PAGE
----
We advanced primates have come up with countless ways of creating homes, including, for example, using beer cans as construction materials. But simpler creatures in nature also, of course, have their own brilliant ways of building homes. Like sand bubbler crabs, which make little, satisfyingly symmetrical dome homes that wouldn’t be out of place in a Mars colony.
Laughing Squid picked up on a recent video of a sand bubbler crab making a sandy house in Vung Tau, Vietnam. And while you can view that video here, we found a couple more that illustrate the crabs’ penchant for primitive architecture.
In the above video, YouTube user Soham Mane from Ratnagiri, India, shows a crab build a near-flawless dome home. That is until the top of it collapses in on itself due to its own weight.
And in the video immediately below, another YouTube user from India, Xandrieth Xs, shows a bubbler building a sturdier, albeit less aesthetically pleasing dome. (We think if the two got together they could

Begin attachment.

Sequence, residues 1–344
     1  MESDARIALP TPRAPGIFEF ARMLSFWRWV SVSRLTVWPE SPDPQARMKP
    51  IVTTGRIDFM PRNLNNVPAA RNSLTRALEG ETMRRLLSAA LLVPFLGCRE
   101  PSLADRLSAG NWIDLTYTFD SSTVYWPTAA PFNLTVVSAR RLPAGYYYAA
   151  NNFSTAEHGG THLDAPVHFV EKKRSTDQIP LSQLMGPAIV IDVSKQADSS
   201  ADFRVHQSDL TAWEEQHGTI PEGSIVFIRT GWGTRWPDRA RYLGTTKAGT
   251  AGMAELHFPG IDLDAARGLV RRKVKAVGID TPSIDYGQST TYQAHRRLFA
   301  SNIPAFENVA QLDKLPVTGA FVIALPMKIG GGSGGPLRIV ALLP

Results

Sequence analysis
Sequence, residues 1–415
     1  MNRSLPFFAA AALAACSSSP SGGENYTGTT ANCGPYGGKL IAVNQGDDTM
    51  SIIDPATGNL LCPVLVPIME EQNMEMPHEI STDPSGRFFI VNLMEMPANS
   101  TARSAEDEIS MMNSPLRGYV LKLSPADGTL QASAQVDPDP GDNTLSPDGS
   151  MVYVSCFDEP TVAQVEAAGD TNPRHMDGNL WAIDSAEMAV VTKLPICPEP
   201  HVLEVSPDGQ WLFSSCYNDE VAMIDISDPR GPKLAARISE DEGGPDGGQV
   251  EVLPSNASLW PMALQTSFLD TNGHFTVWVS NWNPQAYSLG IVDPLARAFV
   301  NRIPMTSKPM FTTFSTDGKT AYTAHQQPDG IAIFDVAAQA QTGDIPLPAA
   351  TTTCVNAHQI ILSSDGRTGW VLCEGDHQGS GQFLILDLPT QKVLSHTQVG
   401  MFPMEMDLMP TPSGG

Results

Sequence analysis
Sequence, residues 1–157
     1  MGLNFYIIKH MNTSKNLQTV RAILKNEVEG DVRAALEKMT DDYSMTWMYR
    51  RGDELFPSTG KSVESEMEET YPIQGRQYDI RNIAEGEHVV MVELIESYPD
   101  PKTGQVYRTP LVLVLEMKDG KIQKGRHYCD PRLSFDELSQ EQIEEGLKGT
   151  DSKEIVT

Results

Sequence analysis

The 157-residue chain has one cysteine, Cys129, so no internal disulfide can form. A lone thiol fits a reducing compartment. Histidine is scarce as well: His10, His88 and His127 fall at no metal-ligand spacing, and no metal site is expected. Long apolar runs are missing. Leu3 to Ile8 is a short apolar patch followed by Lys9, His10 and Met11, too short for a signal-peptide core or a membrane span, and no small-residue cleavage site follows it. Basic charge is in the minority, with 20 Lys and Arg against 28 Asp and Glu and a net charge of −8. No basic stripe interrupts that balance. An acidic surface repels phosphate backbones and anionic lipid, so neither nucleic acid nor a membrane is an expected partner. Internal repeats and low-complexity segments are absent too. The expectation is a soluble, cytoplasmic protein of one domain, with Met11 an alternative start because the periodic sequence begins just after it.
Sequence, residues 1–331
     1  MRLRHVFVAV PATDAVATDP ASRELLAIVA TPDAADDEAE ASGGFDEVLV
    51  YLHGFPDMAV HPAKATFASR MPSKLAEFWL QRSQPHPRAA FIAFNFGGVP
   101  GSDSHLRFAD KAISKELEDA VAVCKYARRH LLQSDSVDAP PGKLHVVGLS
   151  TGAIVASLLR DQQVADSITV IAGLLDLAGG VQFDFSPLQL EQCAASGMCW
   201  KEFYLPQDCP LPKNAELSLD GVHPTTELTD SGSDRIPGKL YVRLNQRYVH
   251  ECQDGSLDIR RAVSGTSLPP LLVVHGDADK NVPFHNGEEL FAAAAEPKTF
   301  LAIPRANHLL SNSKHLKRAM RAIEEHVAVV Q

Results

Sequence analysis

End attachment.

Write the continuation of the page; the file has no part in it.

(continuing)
nail pinch the perfect sand mansion.)
As the videos show, the crabs, which are native to the tropical Indio-Pacific, build walls radially from their homes’ entrances. Once they seal themselves in, the crabs are then trapped in bubbles of air. This allows the crabs to wait out high tide under ground.
When the tide recedes, the crabs emerge, and consume the sand around them. As they do, they pass the sand through their “mouthparts,” eating any hidden detritus and plankton. They then discard the sand as little balls; ones that end up covering beaches quickly.
Timelapse creator Nils Rohwer shows a consortium of sand bubblers producing the balls in the video below. (Yes, a group of crabs is a “consortium”; or “cast.”) And watching all the crabs ball their way through the shoreline will blow your mind. Or, potentially, make your skin crawl sideways.